The End of the Road
2:54 pm
Sun February 23, 2014

How Madonna Shaped My Romance With I-95

Mark, left, and Clark.
Credit Clark Perks

In 1990, when we were both 22 years old, my friend Clark and I drove from New Jersey to the Canadian border, bought a box of donuts, turned the car around, and drove the entire length of the southbound Interstate 95 non-stop, as quickly as possible. It was what we called a “high-velocity vacation."

For reasons unclear we decided to only listen to one song the entire way: Madonna’s “Like A Prayer.” We had the cassingle.

We drove in shifts, pulling into service plazas every two hours to switch drivers, fill up, hit the bathroom, and stock up on Pringles, Gatorade, and coffee.

Maine was a big state, nothing but highway and fields and clouds of snow swirling in our wake. After that was the sprawl: Massachusetts, Rhode Island, Connecticut, New York, New Jersey, Delaware, Maryland.

In the middle of the night we had a long conversation about how 95 was the modern-day Mississippi River, and how this drive was about as Huck Finn as our lives were ever going to get.

The landscape opened up in Virginia. North Carolina, South Carolina, and Georgia passed quickly. "Life is a mystery," Madonna told us every six minutes. "Everyone must stand alone."

Then there was Florida. Florida would--not--end.

It stretched out before us like four lanes of taffy lined with palm trees and cows and a surprising number of dead armadillos on the side of the road.

And then it did end. I’m not sure what we were expecting in Miami – Crockett and Tubbs to greet us with a baby alligator and a key to the city? Children walking their pet flamingos? But the highway just unceremoniously dumped us out into the slow traffic of U.S. 1.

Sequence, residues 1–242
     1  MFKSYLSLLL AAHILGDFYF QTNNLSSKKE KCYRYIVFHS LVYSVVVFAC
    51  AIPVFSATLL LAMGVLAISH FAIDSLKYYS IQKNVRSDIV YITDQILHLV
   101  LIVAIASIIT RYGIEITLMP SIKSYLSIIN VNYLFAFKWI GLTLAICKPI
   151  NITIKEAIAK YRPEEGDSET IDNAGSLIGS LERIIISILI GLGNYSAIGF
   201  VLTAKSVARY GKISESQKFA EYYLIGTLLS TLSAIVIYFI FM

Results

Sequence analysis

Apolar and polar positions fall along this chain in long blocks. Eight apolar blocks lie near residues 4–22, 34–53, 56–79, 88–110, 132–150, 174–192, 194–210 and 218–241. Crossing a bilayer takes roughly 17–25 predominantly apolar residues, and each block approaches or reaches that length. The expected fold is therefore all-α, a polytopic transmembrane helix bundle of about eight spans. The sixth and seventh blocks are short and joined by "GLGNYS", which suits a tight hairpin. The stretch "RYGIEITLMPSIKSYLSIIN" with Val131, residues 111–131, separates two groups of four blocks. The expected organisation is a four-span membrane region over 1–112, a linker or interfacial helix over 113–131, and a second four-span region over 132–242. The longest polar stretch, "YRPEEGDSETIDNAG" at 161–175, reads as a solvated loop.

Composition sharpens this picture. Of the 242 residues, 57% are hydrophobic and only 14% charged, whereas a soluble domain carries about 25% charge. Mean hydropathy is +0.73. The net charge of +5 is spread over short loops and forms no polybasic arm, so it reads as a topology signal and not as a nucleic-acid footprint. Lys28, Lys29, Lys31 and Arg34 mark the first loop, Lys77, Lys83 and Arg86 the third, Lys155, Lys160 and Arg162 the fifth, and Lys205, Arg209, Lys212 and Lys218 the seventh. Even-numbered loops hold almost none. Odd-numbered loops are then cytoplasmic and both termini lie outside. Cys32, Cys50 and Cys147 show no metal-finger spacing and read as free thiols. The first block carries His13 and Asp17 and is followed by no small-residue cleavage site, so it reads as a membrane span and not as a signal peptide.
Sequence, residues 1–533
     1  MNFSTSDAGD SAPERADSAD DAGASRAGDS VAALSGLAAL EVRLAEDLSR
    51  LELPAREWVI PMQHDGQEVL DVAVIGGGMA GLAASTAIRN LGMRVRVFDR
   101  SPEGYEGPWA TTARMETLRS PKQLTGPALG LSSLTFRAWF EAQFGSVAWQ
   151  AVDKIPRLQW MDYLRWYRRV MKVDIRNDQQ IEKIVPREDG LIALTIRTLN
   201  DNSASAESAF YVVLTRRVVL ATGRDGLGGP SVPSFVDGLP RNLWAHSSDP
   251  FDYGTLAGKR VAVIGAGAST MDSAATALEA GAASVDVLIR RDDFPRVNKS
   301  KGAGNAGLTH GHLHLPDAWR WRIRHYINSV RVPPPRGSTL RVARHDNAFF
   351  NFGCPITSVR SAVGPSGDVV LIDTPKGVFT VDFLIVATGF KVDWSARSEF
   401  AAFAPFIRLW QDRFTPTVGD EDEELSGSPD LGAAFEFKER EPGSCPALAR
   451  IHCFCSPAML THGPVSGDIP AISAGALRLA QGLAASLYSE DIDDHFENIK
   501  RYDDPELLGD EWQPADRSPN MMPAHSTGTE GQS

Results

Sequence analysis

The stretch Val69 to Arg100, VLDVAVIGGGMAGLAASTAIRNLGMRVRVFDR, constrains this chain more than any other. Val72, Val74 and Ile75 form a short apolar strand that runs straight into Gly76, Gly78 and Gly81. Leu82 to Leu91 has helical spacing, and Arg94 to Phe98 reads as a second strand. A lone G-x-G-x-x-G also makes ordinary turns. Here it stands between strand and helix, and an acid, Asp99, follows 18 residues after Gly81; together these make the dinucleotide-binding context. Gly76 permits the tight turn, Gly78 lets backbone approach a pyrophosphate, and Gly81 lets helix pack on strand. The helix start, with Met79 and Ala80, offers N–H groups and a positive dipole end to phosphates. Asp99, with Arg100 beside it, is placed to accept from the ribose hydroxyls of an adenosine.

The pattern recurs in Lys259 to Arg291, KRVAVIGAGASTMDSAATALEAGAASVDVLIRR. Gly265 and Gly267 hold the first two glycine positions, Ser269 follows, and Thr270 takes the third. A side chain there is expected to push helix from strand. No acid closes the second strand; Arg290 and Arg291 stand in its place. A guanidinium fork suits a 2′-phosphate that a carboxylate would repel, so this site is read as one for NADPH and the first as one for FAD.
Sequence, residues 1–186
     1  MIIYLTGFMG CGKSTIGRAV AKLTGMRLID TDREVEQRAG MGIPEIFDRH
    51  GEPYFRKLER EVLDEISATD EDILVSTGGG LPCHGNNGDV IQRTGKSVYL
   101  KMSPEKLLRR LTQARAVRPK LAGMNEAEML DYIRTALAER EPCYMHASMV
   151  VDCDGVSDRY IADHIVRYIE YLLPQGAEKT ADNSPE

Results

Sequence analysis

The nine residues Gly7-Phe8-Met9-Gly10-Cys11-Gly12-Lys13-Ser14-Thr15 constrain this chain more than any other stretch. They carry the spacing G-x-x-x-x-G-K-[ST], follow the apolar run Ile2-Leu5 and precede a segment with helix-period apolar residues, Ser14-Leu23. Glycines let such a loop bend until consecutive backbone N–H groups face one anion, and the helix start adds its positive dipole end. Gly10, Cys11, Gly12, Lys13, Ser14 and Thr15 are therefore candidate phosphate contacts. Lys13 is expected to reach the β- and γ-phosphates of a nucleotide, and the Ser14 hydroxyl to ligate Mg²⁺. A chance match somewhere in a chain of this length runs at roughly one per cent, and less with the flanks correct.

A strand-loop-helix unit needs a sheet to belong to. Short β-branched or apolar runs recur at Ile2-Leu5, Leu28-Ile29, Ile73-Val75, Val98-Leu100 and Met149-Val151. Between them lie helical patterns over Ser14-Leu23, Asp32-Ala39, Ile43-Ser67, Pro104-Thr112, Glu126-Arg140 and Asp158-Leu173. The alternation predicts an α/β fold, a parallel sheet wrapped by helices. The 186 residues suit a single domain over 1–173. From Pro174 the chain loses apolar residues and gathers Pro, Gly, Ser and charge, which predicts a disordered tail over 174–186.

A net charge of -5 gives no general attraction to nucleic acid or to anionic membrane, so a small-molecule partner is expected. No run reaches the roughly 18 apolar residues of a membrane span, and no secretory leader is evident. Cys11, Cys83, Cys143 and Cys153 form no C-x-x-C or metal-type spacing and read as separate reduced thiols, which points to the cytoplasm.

The trip took just under 24 hours. We felt this big sense of accomplishment, though what we’d accomplished was also a mystery.

I moved to Key West a few years later, and since then I’ve probably driven up and down 95 about 30 times. I did it again last summer, headed north to go see family.

It went well until North Carolina, where suddenly the road was covered with foam stuffing. A futon had fallen off the back of a truck and someone had hit it. The car in front of me locked its brakes. I locked mine -- came to a full stop. And then was hit from behind at around 60 mph.

Glass shattered, air bags went off, doors popped open. My seatback was knocked flat and I found myself staring at the ceiling light. I climbed out and sat on the cement barrier in the middle of the highway. Traffic kept flowing by.

I thought, "95, it’s over. We are done."

My hands shook for hours from the adrenaline. Two weeks later, I still felt angry and betrayed. But I had a plan: A series of blue highways would get me home without getting on I-95.

It took two days to get from New Jersey to South Carolina – almost three times longer than normal – but I was committed. And then Georgia betrayed me. My safe little road merged with I-95. There was no choice but to get back on that highway.

"95," I thought, "I can’t quit you."

I pulled onto the onramp and pressed down on the accelerator.

Life is a mystery.
Everyone must stand alone.
I hear you call my name, and it feels like home.

Hear Mark's adventure below:

Mark says the whole ordeal was "Like A Prayer."